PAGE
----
_Goa is India's smallest state by area and the fourth smallest by population. Located in South West India, in the region known as the Konkan, it is bounded by the state of Maharashtra to the North, and by Karnataka to the East and South, while the Arabian Sea forms its Western coast. Goa is India's richest state with a GDP per capita two and a half times that of the country as a whole.
_Panaji is the state's capital, while Vasco da Gama is the largest city. The historic city of Margao still exhibits the cultural influence of the Portuguese, who first landed in the early 16th century as merchants and conquered it soon thereafter. The Portuguese overseas territory of Portuguese India existed for about 450 years until it was annexed by India in 1961.
Renowned for its beaches, places of worship and World Heritage architecture, Goa is visited by large numbers of international and domestic tourists each year. It also has rich flora and fauna, owing to its location on the Western Ghats range, which is classified as a biodiversity hotspot.
Travelling around Goa is cheap and easy. There are a variety of methods, all of which are interesting and at times exciting.
For most people, a taxi to your hotel is the obvious choice but despite the friendliness of the taxi driver, take your time and choose what you want to do and where you want to go thereafter. Always ask the fare and negotiate before you set off.
Buses are regularly available and run from villages to towns to cities. They can be busy so expect to squash on a seat with two old ladies, a chicken and a sack of rice. There are main bus stations in Panjim, Mapusa and Margoa. Long distance luxury coaches can be taken to places further afield.
Tuktuks or three wheelers are everywhere and are also a cheap method of transport. Again negotiate the price first.
Trains run along the coast and can be booked through a local Travel Agent or at the main stations in Thivim or Margoa.
Cars are available for hire but some are not from registered car hire companies so make sure it is insured and carry the paperwork in the car with you. Before you leave your own country apply for an International Driving Licence which is an annual driving permit.
Driving in India is dangerous but if you take your time and use your horn liberally then accidents are rare. Most common are accidents on scooters and motor bikes.
If an accident happens there will usually be someone to help and there is now a free emergency number 108 to call for an ambulance.
Every British Passport holder from the UK needs a Tourist Visa to enter India and this is obtained by applying online to VFS.
This Visa lasts for SIX months and after leaving India.The Tourist Visa starts from the date it is issued not the date of arrival in India.
Having applied online and made the payment, the form and photos along with your passport valid for at least 6 months must be sent to the Indian High Commission. There are very specific regulations about the photos which must be 2 x 2 inches so make sure to read all the information on the visa application website.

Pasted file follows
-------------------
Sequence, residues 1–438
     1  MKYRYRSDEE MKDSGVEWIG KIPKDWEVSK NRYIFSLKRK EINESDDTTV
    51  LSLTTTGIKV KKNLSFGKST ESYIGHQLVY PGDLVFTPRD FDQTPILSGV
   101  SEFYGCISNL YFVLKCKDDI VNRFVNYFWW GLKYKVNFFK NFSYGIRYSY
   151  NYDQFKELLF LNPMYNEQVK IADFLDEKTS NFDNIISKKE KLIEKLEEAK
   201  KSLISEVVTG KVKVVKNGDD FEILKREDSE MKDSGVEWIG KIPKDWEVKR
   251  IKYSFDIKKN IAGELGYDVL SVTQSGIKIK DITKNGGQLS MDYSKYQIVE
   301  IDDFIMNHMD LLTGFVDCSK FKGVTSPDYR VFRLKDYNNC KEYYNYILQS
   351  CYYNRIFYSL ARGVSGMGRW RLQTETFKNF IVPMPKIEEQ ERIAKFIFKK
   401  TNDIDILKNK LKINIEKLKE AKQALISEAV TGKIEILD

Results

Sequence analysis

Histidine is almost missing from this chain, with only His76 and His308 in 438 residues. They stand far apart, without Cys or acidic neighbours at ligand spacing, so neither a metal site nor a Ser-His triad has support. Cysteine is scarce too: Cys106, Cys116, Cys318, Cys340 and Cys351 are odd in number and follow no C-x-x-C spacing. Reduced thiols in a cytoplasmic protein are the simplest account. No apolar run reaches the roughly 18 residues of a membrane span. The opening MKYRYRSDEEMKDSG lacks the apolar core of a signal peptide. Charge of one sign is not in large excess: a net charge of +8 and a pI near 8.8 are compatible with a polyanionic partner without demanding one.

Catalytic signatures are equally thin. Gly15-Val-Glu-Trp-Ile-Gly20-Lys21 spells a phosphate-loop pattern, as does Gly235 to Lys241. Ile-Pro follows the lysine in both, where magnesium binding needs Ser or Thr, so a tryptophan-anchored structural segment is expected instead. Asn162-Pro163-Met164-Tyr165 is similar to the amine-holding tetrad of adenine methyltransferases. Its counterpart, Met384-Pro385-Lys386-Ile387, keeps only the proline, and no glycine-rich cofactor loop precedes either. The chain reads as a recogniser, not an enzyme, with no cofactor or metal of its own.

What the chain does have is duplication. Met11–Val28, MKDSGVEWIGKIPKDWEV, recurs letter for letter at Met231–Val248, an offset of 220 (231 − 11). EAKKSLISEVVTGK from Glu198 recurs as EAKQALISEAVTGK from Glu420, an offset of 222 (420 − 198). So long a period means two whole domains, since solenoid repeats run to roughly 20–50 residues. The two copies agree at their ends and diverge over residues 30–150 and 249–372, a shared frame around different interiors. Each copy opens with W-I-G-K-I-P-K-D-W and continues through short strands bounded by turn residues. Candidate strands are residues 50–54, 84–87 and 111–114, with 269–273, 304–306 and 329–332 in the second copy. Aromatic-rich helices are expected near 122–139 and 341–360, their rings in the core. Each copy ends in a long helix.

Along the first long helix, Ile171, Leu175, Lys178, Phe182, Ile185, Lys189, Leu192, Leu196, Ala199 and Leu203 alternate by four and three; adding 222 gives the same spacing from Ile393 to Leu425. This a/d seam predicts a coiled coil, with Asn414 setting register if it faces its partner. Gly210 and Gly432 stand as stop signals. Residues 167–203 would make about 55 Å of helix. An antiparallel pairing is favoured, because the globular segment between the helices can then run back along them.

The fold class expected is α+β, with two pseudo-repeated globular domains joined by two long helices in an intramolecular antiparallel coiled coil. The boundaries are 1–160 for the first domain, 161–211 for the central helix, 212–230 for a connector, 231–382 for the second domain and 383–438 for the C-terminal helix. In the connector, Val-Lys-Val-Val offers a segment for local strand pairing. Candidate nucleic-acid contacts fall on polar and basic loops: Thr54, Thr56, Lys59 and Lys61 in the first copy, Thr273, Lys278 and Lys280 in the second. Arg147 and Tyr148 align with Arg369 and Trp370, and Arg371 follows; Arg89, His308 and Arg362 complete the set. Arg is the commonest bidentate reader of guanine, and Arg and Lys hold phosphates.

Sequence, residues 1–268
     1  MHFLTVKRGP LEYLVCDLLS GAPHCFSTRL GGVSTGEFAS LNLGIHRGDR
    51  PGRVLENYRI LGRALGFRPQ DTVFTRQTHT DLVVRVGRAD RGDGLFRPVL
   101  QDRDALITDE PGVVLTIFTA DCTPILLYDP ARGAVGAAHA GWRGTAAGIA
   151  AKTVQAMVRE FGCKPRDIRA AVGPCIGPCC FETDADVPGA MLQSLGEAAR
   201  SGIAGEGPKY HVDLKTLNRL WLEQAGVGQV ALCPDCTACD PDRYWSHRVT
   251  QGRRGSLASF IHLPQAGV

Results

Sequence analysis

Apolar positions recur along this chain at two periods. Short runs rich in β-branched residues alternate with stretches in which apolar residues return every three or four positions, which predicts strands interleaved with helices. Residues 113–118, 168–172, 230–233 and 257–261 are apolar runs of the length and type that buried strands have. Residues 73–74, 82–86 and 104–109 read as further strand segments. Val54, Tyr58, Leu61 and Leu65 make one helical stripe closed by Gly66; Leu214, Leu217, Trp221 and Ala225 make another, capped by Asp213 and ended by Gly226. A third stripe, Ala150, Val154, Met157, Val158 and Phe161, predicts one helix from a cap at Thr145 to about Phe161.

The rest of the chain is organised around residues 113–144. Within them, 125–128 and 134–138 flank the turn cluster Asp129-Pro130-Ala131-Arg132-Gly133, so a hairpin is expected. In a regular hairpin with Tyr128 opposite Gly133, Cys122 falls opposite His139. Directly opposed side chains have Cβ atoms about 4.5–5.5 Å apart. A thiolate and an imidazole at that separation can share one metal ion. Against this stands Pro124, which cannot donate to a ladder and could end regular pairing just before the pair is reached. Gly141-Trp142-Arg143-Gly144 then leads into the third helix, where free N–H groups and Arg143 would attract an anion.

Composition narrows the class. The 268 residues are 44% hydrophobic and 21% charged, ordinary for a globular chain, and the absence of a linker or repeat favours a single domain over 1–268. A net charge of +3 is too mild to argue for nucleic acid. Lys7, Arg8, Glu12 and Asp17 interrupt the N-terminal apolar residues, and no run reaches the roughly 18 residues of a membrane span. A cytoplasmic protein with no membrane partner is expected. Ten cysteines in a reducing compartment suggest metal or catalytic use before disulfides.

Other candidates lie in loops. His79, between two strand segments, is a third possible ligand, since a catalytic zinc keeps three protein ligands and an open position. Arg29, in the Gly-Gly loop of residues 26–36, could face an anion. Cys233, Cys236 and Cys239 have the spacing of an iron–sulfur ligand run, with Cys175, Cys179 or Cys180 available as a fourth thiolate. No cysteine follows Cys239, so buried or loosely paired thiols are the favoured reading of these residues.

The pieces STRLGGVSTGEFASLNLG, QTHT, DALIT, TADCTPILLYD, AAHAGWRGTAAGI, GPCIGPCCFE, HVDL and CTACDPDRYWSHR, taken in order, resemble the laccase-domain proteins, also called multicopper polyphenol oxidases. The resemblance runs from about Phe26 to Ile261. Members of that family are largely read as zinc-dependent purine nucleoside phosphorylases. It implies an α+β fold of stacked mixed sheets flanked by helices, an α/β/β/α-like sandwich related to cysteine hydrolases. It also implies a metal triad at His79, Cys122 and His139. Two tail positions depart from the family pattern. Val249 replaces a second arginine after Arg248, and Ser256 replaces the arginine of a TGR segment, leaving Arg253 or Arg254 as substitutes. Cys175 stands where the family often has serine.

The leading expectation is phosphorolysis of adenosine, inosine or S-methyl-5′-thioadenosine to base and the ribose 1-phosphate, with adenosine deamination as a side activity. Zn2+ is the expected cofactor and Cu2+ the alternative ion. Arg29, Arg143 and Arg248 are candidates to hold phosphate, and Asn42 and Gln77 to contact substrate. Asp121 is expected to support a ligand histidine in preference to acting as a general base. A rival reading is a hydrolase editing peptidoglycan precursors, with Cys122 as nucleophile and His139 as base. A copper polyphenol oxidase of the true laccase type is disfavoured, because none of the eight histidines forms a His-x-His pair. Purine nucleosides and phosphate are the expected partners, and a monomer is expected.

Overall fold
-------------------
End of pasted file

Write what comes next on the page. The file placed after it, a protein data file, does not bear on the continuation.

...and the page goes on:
Once you arrive in India there is also an Immigration Form to complete and when you book into your hotel a Foreigners Registration Form to complete. Bring some passport size photos and copies of your passport and visa when you come.
There are many different flight routes to Goa leaving from a variety of UK airports. Some people even take the train from Mumbai to Goa. Every year the cost of flights increases but there are some special offers with charter companies so it’s worth checking carefully.
The flight times vary but on average it takes about 9 hours to fly from London to Mumbai and then a further hour to fly from Mumbai to Goa. If you travel via Mumbai then you have to transfer from the International Airport to the Domestic Airport and a bus transfer is provided.
Check health and vaccination advice with the World Travel Guide. There is a very good standard of health care in Goa. It is advisable to buy Travel Insurance before you leave.
_ The airport in Goa is called Dabolim and is located on the coast in the middle area of Goa. It is well placed for all regions and is within a two hour drive of nearly everywhere in Goa.
Once through Immigration and Baggage Collection the exit is usually surrounded by baggage handlers who insist on taking your cases. Unless you particularly want some help then push your own trolley outside and catch your breath. It’s very easy after a long flight to be willing to be guided to a taxi that you have not chosen. There are official taxi rates and these are on display opposite the exit if you choose to use one.
If you need collection, one of the taxi drivers we can recommend is Kundan Kerkar, known as George. He will arrange to meet you by the exit with your name on a card. He is helpful and honest and can be called on 0091 982 238 1544. If he is busy he will arrange a replacement driver.